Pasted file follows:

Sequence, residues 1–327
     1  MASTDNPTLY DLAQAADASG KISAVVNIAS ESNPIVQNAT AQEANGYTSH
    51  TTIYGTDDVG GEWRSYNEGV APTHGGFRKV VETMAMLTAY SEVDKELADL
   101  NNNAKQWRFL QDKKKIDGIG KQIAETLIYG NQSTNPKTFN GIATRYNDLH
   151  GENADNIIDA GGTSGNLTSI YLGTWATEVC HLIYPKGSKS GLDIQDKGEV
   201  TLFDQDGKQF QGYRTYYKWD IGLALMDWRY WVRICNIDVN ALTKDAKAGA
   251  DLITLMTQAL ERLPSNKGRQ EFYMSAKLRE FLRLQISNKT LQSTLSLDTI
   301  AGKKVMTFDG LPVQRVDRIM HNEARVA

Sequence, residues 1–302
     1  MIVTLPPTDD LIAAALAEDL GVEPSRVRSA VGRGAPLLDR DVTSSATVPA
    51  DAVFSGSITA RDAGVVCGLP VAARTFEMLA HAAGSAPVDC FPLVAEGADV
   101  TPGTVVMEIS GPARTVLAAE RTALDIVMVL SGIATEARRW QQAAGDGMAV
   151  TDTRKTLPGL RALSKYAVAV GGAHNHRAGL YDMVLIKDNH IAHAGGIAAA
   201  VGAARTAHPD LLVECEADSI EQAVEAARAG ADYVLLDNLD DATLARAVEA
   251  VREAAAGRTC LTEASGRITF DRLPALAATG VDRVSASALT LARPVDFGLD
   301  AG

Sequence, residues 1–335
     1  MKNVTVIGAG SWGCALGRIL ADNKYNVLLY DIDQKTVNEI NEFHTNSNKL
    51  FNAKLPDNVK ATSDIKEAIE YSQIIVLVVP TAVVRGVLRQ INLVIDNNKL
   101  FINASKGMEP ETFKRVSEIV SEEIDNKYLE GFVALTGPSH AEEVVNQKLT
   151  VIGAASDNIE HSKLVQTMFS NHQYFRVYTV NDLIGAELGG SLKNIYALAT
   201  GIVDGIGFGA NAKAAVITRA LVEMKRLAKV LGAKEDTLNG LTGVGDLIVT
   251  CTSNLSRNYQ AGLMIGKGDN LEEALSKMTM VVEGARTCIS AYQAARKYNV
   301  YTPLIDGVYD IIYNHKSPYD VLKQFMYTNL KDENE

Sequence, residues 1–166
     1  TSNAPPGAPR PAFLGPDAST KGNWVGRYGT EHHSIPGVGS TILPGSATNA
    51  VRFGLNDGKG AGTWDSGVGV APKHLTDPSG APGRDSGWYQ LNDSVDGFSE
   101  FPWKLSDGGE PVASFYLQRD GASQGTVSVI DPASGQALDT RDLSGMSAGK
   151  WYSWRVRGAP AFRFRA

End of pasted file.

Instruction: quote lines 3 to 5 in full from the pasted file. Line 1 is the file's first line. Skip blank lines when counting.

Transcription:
    51  TTIYGTDDVG GEWRSYNEGV APTHGGFRKV VETMAMLTAY SEVDKELADL
   101  NNNAKQWRFL QDKKKIDGIG KQIAETLIYG NQSTNPKTFN GIATRYNDLH
   151  GENADNIIDA GGTSGNLTSI YLGTWATEVC HLIYPKGSKS GLDIQDKGEV